Fall Crappie - Don't Put the Boat Away Just Yet!
November is the time of year when most anglers, in Southern Ontario at least, will be winterizing their boats and gearing up for the upcoming ice season.
There are, however, some opportunities in the late fall that are well worth the effort of keeping the boat out just a little bit longer. This may mean taking extra precautions to ensure the engine cooling system stays ice free and spending time clearing ice from boat ramps. And, in this particular case, using the Tracker as an ice breaker through about 300 yards of ice to get to clear water.
Our target species for this episode was the black crappie and this quest took us took to a small lake in Eastern Ontario. Knowing the best bite was in the light transitional period just before dark, we planned our arrival a couple of hours early in order to set up camera equipment and tackle. With overcast skies and knowing we would be fishing into dark, we selected baits accordingly. We have found a good generalization for bait patterns is dark days/deep fishing = dark colors. With this in mind we selected the BPS Magnum Squirt June Bug (dark purple) 2 1/4 inch tubes on 3/32 oz jig heads. This was fished on Crappie Maxx rods with 4 pound monofilament line.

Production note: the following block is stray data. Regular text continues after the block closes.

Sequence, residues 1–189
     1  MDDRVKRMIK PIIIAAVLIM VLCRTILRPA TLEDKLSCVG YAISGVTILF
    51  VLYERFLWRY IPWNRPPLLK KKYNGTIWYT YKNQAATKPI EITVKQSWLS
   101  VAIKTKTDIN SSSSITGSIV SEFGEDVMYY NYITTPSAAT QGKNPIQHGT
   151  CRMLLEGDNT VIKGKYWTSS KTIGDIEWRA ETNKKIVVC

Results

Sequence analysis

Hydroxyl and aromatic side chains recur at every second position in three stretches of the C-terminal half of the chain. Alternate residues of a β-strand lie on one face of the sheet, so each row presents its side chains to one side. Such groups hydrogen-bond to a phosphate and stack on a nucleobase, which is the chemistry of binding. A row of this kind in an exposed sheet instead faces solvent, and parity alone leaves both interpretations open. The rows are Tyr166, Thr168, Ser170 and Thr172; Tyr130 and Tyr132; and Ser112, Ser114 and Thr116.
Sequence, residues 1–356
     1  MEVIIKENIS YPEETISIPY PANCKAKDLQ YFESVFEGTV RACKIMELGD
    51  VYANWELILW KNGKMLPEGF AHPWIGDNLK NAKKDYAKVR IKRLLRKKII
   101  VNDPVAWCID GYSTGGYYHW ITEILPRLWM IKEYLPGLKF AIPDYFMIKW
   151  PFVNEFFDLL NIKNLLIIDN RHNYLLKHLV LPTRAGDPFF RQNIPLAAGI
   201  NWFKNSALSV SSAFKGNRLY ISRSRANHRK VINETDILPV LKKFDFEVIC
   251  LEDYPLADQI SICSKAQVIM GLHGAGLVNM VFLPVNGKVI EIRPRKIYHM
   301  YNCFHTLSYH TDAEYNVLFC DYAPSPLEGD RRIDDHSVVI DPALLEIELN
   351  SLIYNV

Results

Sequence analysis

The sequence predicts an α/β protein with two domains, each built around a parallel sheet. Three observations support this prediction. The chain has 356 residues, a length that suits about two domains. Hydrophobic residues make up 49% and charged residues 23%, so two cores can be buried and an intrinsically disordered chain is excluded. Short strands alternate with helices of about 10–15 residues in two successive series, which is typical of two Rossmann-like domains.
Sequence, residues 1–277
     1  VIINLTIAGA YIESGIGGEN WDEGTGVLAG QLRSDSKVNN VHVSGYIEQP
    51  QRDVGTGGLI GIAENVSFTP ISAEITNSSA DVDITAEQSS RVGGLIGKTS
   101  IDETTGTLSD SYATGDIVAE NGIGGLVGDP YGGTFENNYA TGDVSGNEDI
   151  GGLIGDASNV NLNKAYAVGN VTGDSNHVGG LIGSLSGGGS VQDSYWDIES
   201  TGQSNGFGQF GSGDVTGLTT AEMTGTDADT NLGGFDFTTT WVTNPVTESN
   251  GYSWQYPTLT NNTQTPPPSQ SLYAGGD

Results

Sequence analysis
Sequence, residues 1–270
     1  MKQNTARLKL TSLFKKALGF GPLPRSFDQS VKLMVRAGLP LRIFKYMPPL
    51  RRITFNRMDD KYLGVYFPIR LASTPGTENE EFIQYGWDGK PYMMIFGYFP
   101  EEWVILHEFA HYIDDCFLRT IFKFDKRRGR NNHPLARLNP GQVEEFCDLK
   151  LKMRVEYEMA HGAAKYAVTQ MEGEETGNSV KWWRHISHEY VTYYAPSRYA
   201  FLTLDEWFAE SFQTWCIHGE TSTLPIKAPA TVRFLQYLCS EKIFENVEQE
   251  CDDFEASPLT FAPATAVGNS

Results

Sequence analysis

The lake we fished had a flat bottom consisting primarily of silt with large weed formations in shallower edge water of about 13 to 14 feet around island points and shoals. The first step in locating crappie was to move towards the weed edge areas from the deeper water using the MinnKota electric. We found a number of schools of crappie suspended over the silt in the mid afternoon period but they were predominantly dormant. As the light faded the schools would move over the weed patches in search of baitfish that were using the weeds for shelter.
Two techniques were particularly effective for inducing strikes. The first was to simply cast the tube over the weed flat and let it settle onto the weed tops. A VERY slow retrieve consisting of popping the jig along the weed tops a few inches at a time with 2 to 3 second pauses in between each pop worked very well. Alternatively, a slip bobber set so the jig slow drifted across the tops of the weed was also very productive.
This technique was also responsible for most of the incidental fish during the evening as well, including largemouth bass, sunfish, walleye and a few nice pike that were fun to play with on 4 pound line.
So if the conditions are safe and you don't mind slightly more extreme weather and boating conditions, November can be a very rewarding month to fish in. Sometimes the best fishing trips aren't the easiest ones!
For more information on this subject please tune in to The Fish Finders, Season 1, Episode 10.
Click here to return to the Fall Fishing Guide.